How to Effectively Use Data

Learn the difference between good, bad, smart and dumb data, and how to use it.

Like many industries, the multifamily industry has embraced and developed technologies to make our decision-making processes more efficient and our businesses more profitable. At the very core of all of this technology is information – data. No matter where you are collecting your data from (whether it be property management software, utility billing providers, utility companies, financial institutions, third-party information technology providers, vendors, Google, etc.), data is available to us in quantities, and qualities, unlike ever before.

So much data…So now what?

Well…is it any good?

To simplify how to qualify data, here are two questions to consider:

1.     Is this good data or bad data?

2.     Is this smart data or dumb data?

The first question seems simple, but the answer can be ridiculously complex.

Good Data or Bad Data?

Obviously, we don’t want to make any decisions based on bad data. But how do you know if it is bad data? The scary thing is, you often don’t. Start thinking about where this data is coming from, why this is data being used this way and how does this data meet your objectives. Let your supplier partner explain themselves. It’s not enough to hope you are not using bad data. For whomever is providing your data, even if it’s your own data, these systems need to have measures in place to protect your decision-making process from bad data before it is ever received. Warning, most supplier partners and software systems don’t have meaningful protections. Bad data is frightening because it is hard to locate and hard to see.

Here is an example: Most property management software systems will let you post a single rent payment more than once within the same period. So instead of having a $950 rent payment properly credited to a resident’s rent obligation, many software systems will allow different employees to post the same rent payment, resulting in a $950 credit due resident. This same credit is picked up by a property’s utility billing company and next month this resident can march into a leasing office demanding his money or refusing to pay his next month’s rent and he has the proof in his hand, his monthly convergent bill. There are a lot of typical processes in this example and yet bad data sailed right into your resident’s hand. All because the property management software did not have a failsafe to prevent this.

Smart Data or Dumb Data?

Dumb data isn’t dumb in the sense that it is stupid, it simply means that this data is not dynamic, it is only a reflection of numbers and values. Dumb data is often found in the form of data files or spreadsheets. A perfect example of dumb data is your rent roll report, a line by line report of every apartment home, resident, lease date and recurring charge on your property. You look at your rent roll report every day. They are full of information and can be used as a great tool. However, if you have a 400-unit property and there is an error in your property management software, good luck finding that one error amongst 400 lines and a dozen columns on your rent roll report, for each property in your portfolio.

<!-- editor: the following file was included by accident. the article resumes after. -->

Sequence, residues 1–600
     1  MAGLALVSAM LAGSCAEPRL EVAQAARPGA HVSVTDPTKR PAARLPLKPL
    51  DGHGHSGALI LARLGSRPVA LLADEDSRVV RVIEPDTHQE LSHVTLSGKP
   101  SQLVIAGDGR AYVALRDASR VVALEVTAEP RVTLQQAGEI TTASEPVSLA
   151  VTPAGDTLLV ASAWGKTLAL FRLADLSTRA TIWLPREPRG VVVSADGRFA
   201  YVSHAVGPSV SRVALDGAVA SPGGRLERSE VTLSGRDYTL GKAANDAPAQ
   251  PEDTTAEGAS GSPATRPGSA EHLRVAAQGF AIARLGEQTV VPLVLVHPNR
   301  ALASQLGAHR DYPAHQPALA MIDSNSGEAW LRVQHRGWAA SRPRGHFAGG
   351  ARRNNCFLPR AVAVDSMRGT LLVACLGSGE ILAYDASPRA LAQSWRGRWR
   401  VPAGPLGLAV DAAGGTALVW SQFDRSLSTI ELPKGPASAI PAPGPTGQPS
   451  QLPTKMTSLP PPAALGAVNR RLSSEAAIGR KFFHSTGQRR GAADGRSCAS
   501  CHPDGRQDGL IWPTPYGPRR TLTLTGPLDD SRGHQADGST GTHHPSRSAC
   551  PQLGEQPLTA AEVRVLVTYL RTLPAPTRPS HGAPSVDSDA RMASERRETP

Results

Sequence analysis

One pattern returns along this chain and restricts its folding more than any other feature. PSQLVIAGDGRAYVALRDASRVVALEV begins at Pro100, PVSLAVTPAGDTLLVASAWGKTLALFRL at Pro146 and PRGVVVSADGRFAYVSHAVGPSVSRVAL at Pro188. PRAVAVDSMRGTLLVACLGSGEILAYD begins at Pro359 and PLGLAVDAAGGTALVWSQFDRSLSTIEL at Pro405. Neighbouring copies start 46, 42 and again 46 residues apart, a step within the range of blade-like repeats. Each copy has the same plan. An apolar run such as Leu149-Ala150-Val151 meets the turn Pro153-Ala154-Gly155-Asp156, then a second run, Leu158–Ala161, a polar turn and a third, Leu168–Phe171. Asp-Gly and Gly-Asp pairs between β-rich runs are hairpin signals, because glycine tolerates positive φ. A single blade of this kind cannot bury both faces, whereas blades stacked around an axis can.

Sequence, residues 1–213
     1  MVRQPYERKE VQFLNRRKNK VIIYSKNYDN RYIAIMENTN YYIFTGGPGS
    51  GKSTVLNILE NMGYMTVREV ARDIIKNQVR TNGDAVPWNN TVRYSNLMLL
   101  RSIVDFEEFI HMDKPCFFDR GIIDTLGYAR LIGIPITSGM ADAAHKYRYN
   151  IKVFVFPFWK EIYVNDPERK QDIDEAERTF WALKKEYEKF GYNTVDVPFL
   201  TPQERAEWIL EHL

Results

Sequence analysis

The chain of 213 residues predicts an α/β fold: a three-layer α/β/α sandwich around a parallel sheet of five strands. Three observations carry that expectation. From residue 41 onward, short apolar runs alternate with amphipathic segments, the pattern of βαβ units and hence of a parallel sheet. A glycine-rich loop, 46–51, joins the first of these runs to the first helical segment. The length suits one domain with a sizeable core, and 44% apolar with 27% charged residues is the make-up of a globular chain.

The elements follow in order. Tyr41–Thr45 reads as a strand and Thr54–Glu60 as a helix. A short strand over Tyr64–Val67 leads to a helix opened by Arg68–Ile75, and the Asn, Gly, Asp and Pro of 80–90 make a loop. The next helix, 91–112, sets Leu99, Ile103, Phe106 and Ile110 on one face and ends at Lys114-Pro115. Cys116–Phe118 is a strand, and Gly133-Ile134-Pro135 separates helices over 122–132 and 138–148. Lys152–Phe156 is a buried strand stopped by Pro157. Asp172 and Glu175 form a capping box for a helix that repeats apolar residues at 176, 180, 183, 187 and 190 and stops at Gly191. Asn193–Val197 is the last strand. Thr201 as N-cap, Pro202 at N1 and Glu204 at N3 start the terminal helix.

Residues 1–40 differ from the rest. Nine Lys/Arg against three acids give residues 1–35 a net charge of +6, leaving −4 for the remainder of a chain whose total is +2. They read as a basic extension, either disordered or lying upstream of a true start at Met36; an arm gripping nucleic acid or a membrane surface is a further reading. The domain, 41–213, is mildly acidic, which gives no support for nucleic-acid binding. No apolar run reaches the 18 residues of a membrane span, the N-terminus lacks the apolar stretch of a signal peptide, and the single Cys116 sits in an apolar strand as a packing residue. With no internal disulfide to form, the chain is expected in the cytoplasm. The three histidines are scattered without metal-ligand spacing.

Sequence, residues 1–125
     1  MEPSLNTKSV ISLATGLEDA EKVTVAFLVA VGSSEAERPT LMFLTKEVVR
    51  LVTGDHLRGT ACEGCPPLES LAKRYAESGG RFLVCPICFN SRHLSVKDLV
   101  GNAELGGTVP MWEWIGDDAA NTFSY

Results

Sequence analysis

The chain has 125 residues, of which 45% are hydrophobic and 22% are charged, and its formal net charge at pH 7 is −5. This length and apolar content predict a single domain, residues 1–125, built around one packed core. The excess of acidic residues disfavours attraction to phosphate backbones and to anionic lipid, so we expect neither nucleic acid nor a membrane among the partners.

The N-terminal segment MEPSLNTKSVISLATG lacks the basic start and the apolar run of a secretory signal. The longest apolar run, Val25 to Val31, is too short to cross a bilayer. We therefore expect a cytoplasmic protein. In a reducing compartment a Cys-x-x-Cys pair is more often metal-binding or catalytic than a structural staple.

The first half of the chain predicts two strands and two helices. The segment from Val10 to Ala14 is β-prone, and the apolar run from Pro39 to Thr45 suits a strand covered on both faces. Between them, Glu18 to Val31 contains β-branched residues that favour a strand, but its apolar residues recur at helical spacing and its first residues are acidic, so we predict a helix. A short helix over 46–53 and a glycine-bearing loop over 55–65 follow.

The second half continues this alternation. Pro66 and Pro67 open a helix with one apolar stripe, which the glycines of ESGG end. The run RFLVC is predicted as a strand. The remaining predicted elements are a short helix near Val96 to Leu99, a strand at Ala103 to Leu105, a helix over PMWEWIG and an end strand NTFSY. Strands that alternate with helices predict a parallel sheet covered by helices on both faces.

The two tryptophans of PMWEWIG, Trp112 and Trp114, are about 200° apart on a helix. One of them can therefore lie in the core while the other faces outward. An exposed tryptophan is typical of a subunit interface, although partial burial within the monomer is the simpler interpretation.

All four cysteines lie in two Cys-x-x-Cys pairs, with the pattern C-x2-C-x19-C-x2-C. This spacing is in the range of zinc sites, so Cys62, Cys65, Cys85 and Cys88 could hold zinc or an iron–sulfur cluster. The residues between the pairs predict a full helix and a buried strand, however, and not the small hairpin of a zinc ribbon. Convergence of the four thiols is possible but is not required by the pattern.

Smart data can take many forms but you always start with your goal and what data is important to the decision process. Smart data considers only what is important and is designed to mine through large amounts of data to drill down to specific answers to questions you may have. Smart data can weed through those 400 lines in your rent roll report and find the unit that has an incorrect rent set-up. Smart data finds and protects you against bad data.

Here is another example: A 300-unit property’s August water bill is $13,500. Last February, this property had a $12,000 water bill. A typical analysis of this $1,500 increase over six months could warn of a 40 percent increase in the property’s water cost over the calendar year. The data is good data, the numbers are accurate, but the analysis is wrong. This data is dumb data and doesn’t consider both what we want to know nor does it consider what is important. In this example, what is important is that the winter, February water bill was $12,000 for a 28-day service period while property occupancy was 92 percent. August’s $13,500 summer water bill was for a 33-day service period and occupancy improved to 95 percent. Smart data that considers what is important in our example would make the decision process very clear. Instead of a 20 percent, six months increase and a seemingly 40 percent annual increase in water costs, it turns out that our property’s August water bill is 7.5 percent lower than February’s bill and seasonally adjusted is 14.4 percent lower.

Starting with good data and then considering what you want to know to create smart data, can help you make educated and powerful decisions. Demand more from your supplier partners, your software and billing providers. It should be each party’s responsibility to safeguard from bad data and to enhance our decision-making processes with smart data.   

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